Inspired by the work of the PCUSA Committee on the Nature of the Church in the 21st century Committee [that’s a mouthful of a name and a charge] and provoked (in all kinds of good ways) by Carol Howard Merritt’s blogging at http://tribalchurch.org/?p=2064 This is the first of a series of blogs intended to engage the five questions that committee is wrestling with on our behalf.
When a person prepares to seek a call to serve as Teaching Elder (a.k.a. Minister of Word and Sacrament, a.k.a. Pastor), the actual job search begins with the development of a Personal Information Form which provides for the searching congregation a concise description of her theology and praxis. The first question asks for a statement on the nature of the local church: In 1500 characters (spaces, punctuation and paragraph returns included), please describe the characteristics of the church or organization you would like to serve, and the unique gifts, skills and experiences you would bring to the position.
Without preamble, the candidate is asked immediately to go on the record, making clear their vision of the church they would hope to serve. The congregation’s own profile (the CIF – Church Information Form) asks a similar question. In addition, for a long time, statements about the nature of the church have been an essential part of our constitution, laying out a foundational concern from the very beginning. This says quite a lot about our desire to strive together, to order our life together so that we might joyfully participate in the ongoing life and work of Christ.
Because the church through the ages has seen this as essential, it is important to think about what that could look like in a new age where so much has changed and where so much continues to change. In the first 10 years of the 21st century, we have already seen incredible change in our congregations and in the communities around them. Continuing the trends of the end of the 20th century, increased mobility, greater dependence on technology, increasing connections to a wider global economy and a severe economic downturn continue to exert a great deal of influence on our way of life. While it seems like there should be more opportunities to make connections and build relationships, these influences seem to work together to contribute to a deepening sense of alienation and even despair as problems that once seemed so distant as to be nearly invisible are now brought to our attention with great frequency and immediacy. at the same time, finding solutions to those problems remains a far off, seemingly unattainable hope. It is in this context the church must find it’s place.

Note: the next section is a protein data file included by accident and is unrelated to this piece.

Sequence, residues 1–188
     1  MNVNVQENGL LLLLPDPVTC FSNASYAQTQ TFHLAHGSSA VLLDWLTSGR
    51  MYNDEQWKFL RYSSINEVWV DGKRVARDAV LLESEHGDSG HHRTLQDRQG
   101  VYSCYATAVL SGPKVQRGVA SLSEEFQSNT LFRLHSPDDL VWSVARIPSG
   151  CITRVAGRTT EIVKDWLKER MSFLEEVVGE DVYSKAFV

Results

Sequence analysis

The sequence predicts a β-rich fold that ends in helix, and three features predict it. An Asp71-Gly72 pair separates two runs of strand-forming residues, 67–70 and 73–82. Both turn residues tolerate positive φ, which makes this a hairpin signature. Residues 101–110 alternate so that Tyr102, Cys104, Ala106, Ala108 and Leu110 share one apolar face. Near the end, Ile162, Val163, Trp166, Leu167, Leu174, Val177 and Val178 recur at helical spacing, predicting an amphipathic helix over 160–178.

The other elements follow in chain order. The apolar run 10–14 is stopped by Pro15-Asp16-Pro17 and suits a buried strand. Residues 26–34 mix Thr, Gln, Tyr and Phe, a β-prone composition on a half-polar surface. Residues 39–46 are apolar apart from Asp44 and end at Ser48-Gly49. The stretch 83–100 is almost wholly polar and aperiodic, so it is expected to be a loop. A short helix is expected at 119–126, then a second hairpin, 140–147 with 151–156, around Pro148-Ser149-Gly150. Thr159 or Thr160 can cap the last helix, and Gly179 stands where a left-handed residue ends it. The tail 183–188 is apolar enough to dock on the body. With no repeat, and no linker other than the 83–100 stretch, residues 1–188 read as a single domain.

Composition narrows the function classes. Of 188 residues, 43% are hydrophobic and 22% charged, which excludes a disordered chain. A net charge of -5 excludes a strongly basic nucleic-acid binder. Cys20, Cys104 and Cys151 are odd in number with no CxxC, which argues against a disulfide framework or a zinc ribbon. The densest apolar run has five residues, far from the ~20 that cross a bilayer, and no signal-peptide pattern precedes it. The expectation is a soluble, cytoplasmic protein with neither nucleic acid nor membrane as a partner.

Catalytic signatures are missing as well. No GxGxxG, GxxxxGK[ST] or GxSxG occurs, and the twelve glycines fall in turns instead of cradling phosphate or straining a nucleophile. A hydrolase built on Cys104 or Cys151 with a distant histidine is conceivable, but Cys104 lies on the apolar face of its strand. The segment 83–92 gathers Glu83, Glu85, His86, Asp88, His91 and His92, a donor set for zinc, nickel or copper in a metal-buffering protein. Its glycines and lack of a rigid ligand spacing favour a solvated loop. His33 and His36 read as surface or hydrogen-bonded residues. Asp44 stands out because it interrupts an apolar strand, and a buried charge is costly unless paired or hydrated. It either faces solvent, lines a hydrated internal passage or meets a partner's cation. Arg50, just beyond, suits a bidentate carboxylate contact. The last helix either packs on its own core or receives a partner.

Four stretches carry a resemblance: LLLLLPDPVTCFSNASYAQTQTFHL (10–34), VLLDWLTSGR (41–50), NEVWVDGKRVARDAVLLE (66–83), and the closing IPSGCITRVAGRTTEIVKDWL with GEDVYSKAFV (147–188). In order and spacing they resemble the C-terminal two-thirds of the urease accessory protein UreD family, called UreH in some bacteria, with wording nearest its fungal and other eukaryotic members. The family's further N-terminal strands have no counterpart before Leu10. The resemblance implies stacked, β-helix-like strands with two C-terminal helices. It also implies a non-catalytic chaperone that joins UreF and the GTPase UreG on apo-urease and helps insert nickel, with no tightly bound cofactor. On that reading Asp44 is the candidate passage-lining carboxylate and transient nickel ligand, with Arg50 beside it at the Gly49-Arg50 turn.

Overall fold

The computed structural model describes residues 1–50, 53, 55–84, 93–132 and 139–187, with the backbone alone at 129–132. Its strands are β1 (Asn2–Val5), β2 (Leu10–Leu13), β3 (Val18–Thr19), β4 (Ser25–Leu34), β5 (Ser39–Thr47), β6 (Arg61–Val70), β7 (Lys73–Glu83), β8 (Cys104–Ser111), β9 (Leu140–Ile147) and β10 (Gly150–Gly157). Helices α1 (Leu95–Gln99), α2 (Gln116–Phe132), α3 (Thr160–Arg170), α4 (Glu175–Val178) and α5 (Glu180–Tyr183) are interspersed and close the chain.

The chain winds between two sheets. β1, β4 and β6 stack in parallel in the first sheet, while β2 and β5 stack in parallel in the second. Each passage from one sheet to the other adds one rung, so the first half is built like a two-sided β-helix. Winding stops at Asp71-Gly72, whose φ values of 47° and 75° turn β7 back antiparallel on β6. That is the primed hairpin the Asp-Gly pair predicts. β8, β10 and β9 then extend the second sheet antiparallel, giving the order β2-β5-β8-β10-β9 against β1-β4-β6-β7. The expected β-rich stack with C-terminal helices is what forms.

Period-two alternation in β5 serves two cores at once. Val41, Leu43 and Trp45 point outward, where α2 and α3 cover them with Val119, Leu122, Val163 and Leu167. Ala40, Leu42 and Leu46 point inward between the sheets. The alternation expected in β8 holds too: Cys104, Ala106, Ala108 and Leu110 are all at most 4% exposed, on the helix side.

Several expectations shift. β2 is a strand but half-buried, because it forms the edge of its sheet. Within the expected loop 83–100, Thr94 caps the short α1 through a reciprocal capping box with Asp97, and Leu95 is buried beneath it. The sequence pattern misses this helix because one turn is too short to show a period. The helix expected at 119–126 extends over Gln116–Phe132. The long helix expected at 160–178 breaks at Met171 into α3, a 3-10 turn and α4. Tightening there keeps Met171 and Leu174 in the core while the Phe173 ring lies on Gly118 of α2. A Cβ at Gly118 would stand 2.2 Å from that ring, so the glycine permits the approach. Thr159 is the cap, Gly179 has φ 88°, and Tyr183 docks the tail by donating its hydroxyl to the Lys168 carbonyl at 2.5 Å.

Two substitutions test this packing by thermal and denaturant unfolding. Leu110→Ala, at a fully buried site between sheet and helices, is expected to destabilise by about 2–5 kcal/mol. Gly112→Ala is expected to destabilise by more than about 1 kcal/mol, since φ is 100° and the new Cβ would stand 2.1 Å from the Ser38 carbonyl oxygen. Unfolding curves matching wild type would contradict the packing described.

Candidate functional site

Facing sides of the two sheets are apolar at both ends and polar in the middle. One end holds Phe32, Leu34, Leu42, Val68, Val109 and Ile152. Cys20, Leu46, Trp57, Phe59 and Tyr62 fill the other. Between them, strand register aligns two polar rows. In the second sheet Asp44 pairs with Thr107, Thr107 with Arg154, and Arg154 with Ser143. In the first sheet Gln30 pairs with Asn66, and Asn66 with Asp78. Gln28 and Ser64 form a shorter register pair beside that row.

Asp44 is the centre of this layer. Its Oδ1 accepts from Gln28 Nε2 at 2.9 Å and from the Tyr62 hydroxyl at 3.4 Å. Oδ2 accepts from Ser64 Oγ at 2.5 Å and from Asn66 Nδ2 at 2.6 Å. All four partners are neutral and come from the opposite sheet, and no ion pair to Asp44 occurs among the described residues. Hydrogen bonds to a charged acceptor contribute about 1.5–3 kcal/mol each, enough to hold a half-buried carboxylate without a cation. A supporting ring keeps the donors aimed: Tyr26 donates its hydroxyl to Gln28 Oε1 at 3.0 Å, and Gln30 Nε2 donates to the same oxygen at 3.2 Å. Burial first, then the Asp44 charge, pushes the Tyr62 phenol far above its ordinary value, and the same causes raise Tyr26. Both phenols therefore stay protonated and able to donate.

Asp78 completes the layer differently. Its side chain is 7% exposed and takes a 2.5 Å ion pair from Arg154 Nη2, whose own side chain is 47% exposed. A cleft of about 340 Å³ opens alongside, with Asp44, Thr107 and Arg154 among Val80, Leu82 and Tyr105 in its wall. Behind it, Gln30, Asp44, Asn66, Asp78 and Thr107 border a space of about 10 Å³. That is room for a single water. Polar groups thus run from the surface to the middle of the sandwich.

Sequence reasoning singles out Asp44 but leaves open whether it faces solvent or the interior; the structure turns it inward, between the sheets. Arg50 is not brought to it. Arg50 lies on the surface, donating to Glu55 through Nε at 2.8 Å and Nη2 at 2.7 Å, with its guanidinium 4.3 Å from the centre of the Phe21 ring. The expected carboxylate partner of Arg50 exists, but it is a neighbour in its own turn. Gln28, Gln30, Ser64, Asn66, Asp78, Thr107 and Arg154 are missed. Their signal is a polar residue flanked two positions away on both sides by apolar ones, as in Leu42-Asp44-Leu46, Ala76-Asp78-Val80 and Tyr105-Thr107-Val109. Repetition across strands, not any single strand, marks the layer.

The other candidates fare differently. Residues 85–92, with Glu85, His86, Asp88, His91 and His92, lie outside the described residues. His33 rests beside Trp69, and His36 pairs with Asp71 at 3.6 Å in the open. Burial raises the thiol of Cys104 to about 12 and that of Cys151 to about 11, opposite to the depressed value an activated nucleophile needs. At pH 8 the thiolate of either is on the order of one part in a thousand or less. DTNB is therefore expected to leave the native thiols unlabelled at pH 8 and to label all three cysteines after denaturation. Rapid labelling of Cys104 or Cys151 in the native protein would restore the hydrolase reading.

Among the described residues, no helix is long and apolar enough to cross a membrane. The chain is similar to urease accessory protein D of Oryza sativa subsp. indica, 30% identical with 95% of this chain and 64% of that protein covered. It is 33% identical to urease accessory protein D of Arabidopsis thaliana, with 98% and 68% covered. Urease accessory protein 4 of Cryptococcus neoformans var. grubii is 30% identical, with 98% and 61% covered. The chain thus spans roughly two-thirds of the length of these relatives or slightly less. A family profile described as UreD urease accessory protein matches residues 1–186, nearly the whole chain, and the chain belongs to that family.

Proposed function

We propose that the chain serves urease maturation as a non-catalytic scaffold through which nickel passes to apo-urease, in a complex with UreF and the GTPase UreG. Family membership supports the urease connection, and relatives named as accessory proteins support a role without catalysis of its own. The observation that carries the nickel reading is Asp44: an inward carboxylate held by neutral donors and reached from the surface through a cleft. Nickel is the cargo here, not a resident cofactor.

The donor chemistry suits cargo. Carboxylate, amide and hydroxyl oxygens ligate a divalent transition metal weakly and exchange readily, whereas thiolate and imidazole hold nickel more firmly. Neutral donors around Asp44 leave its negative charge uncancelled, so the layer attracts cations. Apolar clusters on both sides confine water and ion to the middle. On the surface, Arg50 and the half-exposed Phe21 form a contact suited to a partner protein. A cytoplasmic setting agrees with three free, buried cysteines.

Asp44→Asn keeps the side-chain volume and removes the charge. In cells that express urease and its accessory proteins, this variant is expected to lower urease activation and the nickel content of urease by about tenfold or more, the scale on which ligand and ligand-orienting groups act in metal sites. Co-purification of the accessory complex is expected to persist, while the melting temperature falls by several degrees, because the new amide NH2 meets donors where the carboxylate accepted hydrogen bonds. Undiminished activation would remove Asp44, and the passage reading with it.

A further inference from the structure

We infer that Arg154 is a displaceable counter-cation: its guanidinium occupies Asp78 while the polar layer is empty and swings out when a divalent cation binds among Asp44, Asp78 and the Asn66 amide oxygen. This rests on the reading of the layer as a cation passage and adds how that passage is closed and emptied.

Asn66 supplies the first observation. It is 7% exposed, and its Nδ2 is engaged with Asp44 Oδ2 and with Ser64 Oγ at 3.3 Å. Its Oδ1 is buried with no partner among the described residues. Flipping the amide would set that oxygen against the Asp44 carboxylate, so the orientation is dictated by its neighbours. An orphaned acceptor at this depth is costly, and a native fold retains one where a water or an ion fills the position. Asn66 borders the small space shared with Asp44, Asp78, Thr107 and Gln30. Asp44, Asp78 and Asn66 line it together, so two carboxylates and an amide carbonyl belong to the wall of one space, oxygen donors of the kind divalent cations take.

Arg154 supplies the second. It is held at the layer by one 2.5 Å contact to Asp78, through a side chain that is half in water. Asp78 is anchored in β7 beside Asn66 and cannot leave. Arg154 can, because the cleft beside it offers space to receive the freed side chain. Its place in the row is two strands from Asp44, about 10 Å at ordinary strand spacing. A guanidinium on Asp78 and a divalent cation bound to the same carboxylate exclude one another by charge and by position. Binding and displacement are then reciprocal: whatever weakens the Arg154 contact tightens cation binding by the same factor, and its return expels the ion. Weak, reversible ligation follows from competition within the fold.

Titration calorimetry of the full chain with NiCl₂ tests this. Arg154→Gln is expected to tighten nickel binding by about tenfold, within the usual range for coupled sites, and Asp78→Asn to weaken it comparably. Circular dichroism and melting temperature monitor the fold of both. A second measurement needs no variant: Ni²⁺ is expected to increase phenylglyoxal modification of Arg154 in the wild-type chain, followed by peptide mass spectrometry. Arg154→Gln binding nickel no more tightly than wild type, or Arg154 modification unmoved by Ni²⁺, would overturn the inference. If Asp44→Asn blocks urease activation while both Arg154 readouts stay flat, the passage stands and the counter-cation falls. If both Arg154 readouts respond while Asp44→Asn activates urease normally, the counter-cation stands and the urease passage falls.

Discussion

Starting at the beginning is often good. That doesn’t mean we need to turn our efforts toward retrieving and then attempting to relive some imagined past, returning to some idealized version of the early church or, for that matter, the church that was great “when I was a child.” However, we would do well to return to the roots of the True Vine, Jesus Christ, acknowledging and renewing our commitment to be his living expression in the world.